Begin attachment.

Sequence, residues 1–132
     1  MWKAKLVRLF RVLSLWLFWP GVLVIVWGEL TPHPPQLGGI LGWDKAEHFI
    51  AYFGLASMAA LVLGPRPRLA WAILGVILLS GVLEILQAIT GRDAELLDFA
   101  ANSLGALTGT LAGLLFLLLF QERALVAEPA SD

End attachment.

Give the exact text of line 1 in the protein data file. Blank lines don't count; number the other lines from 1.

Sequence, residues 1–132